When we are engaged in conversations about developing medicines, how often do you hear language thrown around, such as “capturing the value”, “fast to the next value inflection point” or words to this effect?
Drug development is a complex and risky business where remuneration for value creation occurs, by analogy, by passing the baton from one relay runner to the next.
It should come as no surprise, that all engaged in the broad church of “medicine development”, seek to create value and be paid, and that this mostly involves attention placed on needs of their adjacent customer, i.e. the next baton change.
For example, an academic innovator desires to capture the interest of an Angel investor or venture capitalist (VC) to finance their invention. A VC requires a multiplier, often over a short time, to satisfy their institutional investor customers. A biotech needs to woo the interests of a pharma transaction. A pharma needs to create a compelling case for registration, and crucially, reimbursement.
And somewhere in the distance out of sight, is the relay’s finishing line, the needs of the patient and society.
Now, the drug development process with multiple baton changes might just work seamlessly, if only everyone had a common interpretation as to who the ultimate customer was, and what the customer actually valued. It would mean every stakeholder would perform just those key development activities that focused on the value creation desired by that end customer.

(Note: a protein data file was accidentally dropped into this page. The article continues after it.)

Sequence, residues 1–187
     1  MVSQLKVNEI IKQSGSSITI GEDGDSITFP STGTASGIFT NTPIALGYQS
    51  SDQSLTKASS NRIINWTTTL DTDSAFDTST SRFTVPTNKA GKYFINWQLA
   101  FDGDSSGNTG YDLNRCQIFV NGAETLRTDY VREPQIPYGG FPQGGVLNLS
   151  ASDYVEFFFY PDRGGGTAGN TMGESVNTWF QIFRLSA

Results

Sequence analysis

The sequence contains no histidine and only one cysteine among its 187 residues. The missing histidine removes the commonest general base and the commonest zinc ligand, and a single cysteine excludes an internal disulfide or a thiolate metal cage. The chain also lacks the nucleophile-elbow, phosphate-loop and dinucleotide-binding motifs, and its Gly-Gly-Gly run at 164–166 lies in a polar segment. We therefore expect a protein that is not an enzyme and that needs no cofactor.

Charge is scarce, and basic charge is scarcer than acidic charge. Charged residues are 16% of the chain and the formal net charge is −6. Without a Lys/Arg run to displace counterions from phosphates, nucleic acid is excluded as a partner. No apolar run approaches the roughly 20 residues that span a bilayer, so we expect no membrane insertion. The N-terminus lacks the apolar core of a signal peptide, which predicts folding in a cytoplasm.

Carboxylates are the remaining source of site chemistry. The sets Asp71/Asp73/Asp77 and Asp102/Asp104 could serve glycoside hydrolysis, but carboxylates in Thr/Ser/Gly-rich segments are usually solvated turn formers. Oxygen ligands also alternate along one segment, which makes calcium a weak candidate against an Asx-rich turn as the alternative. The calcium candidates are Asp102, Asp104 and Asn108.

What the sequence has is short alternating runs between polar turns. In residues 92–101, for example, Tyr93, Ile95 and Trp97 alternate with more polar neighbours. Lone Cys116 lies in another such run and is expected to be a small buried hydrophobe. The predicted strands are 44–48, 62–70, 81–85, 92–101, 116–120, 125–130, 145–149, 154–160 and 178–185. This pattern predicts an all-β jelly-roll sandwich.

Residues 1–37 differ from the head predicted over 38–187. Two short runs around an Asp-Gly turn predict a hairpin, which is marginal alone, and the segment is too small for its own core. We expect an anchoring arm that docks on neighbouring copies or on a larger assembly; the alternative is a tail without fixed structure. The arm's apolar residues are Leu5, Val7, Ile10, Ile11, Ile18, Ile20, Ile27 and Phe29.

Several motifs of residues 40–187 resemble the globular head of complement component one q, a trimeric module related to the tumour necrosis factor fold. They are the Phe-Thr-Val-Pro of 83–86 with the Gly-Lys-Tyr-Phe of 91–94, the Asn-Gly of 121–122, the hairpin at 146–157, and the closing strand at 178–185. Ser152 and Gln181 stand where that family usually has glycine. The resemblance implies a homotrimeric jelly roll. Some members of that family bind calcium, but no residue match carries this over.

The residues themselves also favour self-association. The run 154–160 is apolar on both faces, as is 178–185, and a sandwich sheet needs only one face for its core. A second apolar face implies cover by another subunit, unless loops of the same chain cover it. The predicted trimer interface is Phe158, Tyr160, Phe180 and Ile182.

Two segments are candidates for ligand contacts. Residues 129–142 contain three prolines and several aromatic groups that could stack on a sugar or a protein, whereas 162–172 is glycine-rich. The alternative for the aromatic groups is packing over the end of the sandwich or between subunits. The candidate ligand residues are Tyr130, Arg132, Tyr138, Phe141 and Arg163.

However, the truth is the interpretation of what constitutes value gets ever more murky, the greater separation between stakeholders in the drug development process.
This information asymmetry creates important misalignments, where key questions are sidelined as other less critical issues are addressed resulting in financial and time wastage.
Indeed, it is not uncommon for a licensor to have to expend substantial resources and suffer serious delay repeating parts of the development programme for in-licensed drug candidates.
Additional value could have been captured by the licensee had they known what their customer actually wanted. In some cases, decisions to terminate programs due to insufficient patent life highlight systemic failures, resulting in important medicines never reaching patients in need. This is exactly analogous to dropping the baton!
It is important to ask seeminlgy innocuous questions like “what is value?” and “what does value focused development mean to you?” to the various sectors involved in developing medicines.
By doing so, one can begin to recognise both the divergent and shared perspectives on these key questions from stakeholders including the payor, pharma, biotech, life-science investors, academia, not-for-profit developers and entrepeneurs.
By increasing awareness and reducing information asymmetry, it may be possible to have stakeholders develop an shared view of each other’s requirements and importantly a more consistent view of the finishing line. Perhaps via better alignment, cross sector collaboration can be improved and waste reduced, increasing the likelihood that new medicines will reach patients.